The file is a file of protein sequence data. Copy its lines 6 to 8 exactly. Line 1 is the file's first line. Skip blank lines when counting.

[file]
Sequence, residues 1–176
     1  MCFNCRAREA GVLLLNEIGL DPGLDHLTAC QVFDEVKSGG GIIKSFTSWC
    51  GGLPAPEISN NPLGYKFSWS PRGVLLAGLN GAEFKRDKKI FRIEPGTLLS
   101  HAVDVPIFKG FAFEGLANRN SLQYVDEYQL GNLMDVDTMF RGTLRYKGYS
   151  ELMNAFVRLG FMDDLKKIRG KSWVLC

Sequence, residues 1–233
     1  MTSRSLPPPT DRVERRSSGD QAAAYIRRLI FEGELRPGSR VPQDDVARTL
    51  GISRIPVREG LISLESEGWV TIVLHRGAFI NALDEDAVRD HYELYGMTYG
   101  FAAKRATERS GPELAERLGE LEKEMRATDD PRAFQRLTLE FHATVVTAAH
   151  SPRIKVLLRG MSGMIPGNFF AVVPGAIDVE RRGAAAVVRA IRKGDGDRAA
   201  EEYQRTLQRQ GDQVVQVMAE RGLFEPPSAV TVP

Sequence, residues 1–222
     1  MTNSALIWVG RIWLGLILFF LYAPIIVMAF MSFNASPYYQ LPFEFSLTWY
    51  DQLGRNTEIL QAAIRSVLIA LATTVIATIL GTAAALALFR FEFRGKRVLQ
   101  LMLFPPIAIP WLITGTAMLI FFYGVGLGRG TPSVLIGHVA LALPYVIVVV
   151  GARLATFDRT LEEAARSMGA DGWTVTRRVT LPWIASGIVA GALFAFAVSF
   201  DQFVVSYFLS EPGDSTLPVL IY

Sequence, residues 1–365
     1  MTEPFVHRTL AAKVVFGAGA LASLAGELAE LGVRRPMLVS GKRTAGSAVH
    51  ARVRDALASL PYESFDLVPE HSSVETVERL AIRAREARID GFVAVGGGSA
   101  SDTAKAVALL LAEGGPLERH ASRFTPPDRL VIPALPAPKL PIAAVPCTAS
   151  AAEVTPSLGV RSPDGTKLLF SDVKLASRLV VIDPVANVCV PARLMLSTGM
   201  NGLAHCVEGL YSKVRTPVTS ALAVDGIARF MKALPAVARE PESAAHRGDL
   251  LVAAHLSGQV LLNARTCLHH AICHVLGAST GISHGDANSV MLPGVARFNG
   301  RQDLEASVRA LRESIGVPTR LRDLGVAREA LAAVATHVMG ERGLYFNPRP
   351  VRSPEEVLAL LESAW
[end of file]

Sequence, residues 1–233
     1  MTSRSLPPPT DRVERRSSGD QAAAYIRRLI FEGELRPGSR VPQDDVARTL
    51  GISRIPVREG LISLESEGWV TIVLHRGAFI NALDEDAVRD HYELYGMTYG